Controlling healthcare costs while promoting maximum health impact in the recipient countries is one the biggest challenges for global health donors. This paper views global health donors as the regulators of monopolistic service providers, and explores potential optimal fund payment systems under asymmetric information. It provides a summary and assessment of the prevailing optimal price regulation designs for monopolistic service providers. A set of non-Bayesian approaches that are relevant and applicable for the global health donors are discussed. It also reviews incentive contracting experience between the public and private sectors.
Full Paper (CGD working paper 424)
The effect of advance notification: evidence from WARN act
Mandatory advance notice of the impeding job loss in the event of plant closings and mass layoffs is one the government interventions to provide displaced workers separation protections. This paper evaluates the impact of advance notice on the employment prospects of the displaced workers using propensity-score matching method. The sample is obtained from the displaced worker supplement to the Current Population Surveys in the 1998 to 2008 decade. The estimation suggests workers received written notice two months before the layoffs are 5% less likely to become unemployment insurance (UI) claimants. However, advance notice has no significant effect on the UI exhaustion rate. The results are robust to sensitivity analysis of the conditional Independence assumption when the selection is negative. However, a modest positive selection into advance notice assignment halves the estimated ATT on reducing unemployment incidence.
Link to full paper upon request
(EC501,EC356, EC325, EC371)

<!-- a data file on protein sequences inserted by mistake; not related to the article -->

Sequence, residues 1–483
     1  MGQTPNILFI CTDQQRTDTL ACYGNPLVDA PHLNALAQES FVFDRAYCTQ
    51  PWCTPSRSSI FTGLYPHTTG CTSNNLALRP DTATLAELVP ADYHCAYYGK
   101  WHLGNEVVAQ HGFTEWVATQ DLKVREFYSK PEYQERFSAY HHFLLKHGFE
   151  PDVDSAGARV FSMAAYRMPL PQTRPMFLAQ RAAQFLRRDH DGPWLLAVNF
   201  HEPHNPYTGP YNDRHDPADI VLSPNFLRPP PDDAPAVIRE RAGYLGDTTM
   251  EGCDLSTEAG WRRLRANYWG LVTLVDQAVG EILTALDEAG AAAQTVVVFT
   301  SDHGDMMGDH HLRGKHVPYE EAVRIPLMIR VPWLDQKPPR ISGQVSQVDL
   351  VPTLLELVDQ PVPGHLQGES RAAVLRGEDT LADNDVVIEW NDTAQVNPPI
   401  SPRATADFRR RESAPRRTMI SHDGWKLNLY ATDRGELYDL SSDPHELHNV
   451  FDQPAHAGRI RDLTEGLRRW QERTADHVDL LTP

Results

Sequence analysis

Some reading materials for students who take EC356, EC325, and EC371.
EC501 Intermediate Microeconomics (Master level)
EC356, EC325 Labor Economics, Poverty and Discrimination
EC371 Environmental Economics
The end of the population pyramid- The economists (Dec 20th, 2014) [population pyramid]
In search of lost time: Why is everyone so busy?- The economists (Dec 20th, 2014) [value of leisure]
Poverty and education -Michigan University
The power and pitfall of Education incentives -Allan and Fryer 2011
Particulate Matter Matters - by Dominici, Greenstone and Sunstein 2014 [pollution]
General Equilibrium- by David H. Autor (MIT lecture note)
Are you ready for the PhD program?
Beautiful Mind- Albert Ma, BU - A must read for all PhD students in Economics!
Getting a Ph.D. in Economics -Stuart J. Hillmon
A guide for the young economist - William Thomson
Write, write, write
Silence your inner critic - The Serial Mentor
Where are the data sets?
Data on China- Princeton
Things to keep in mind when doing empirical works:
Understanding ITT and TOT -Kevin Lang, BU
How should we think of Behavioral Economics?
American Economic Review Papers and Proceedings, May 2015
Behavioral Insights Jobs: A Jobs Board Run by The Behavioral Insights Group at Harvard